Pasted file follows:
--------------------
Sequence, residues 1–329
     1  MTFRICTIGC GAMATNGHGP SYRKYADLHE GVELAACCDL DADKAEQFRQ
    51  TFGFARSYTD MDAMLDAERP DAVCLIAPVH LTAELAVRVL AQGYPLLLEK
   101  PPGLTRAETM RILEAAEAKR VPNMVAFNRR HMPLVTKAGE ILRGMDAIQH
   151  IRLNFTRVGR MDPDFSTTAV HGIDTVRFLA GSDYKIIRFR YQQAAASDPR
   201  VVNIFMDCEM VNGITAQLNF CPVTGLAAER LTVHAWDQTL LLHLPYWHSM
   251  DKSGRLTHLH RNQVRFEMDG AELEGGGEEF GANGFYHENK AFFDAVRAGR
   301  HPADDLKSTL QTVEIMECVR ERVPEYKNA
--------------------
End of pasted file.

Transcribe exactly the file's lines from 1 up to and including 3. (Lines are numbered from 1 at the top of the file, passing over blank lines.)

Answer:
Sequence, residues 1–329
     1  MTFRICTIGC GAMATNGHGP SYRKYADLHE GVELAACCDL DADKAEQFRQ
    51  TFGFARSYTD MDAMLDAERP DAVCLIAPVH LTAELAVRVL AQGYPLLLEK